Saturday, January 07, 2017

Hot Springs Trail ~ Part 7 ~ Kern River to Sequoia National Park

The fording of the Kern River in late spring or early summer at mile point 36.1 is not recommended, especially in a higher snow year. Therefore, Stacey and i took the listed alternate.

The alternate however was a very old and defunct trail which was partly due to the influence of old fires. The first two miles one could easily find non-established paths that other hikers and animals have taken.  Zoner said he went back to the River after two miles and cross country-ed it using fisherman trails and such.  Surprisingly, there were three fresh hikers prints using this trailless trail as well.  After two miles, I turned on our gps and was able to find a good enough route to get us to a well used trail that would take us back to the Kern River after having flushed a black bear into a galloping sprint.

We arrived at Jordan Hot Springs in the dark and enjoyed a good soak the following morning.

Song Sparrows, Brewer's Blackbirds, and Robins flittered and flirted with the warmth that the earth can naturally endow. 

Jordan Hot Springs is also the Home of a cool Homestead that lights up one's imagination of living a life purely in the wilderness... away from the complications that society inflicts upon that which is truly native and harmonizing.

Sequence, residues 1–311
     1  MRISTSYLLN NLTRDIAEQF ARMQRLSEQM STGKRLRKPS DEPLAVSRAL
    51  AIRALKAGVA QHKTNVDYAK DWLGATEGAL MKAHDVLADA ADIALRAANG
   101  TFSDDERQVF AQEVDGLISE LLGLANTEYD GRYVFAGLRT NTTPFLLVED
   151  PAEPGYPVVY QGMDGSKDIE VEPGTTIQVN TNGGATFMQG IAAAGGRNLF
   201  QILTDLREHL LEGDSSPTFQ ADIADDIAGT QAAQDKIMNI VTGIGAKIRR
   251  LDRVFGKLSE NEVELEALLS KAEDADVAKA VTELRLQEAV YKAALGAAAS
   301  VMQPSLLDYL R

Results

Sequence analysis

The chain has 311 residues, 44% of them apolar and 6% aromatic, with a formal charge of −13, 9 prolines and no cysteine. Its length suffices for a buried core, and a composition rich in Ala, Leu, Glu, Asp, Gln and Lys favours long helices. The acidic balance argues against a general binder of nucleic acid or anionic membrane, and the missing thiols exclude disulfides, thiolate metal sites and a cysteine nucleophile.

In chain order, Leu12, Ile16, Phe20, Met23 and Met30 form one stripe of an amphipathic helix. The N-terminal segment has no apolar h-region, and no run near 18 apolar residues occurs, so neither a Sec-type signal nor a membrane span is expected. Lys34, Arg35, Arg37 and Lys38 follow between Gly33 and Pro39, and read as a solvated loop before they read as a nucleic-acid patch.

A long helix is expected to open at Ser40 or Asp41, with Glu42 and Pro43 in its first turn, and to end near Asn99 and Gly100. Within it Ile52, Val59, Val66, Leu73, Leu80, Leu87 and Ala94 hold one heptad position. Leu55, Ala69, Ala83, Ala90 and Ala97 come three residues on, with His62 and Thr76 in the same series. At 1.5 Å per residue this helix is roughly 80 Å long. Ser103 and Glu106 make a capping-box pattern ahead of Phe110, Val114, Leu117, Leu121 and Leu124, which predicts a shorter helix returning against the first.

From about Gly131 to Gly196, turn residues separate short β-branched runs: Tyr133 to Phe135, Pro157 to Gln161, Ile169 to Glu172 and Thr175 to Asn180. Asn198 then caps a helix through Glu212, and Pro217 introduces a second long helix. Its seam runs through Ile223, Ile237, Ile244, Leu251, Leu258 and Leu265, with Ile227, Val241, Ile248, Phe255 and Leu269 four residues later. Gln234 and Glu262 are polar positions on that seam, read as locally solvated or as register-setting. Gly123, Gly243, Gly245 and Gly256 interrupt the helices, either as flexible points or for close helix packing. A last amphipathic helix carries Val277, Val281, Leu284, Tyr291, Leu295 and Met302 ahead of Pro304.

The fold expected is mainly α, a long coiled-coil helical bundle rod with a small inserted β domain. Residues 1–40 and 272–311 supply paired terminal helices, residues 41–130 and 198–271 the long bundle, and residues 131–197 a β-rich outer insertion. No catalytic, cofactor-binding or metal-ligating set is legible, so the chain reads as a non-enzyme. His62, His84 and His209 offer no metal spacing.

A return to Nature and to one's inner True Nature is the real definition of living a healthy lifestyle where all actions are purely organic.

We actually ran into a group of a dozen teenagers who were out on a 22 day hike with their teachers as a part of their Chadwick Alternative School curriculum.  It was day 14 for them and they looked strong and invigorated and were looking forward to a good soak in the 3 pools at Jordan Hot Springs.

Sugar Pines, Western White Pines, and Red Fir gave way to White Fir the higher we climbed. We picked some Morels at around 10,000 feet to enjoy later with dinner. Soon it snowed upon us for several hours leaving us with about two inches of snow to walk through.

At about mile 64 the trail disappeared and so we pulled out the gps to correct our course.

Descending back towards the Kern River yet again, we traversed through many layers of ancient lava flows.

Meadows were filled with deer and marmots alarmed in the excitement of our arrival.

Sequoia National Park was now on our Horizon.

And dippers were the only other souls who enjoyed the rapids of the Kern River. Nobody else back here but us.

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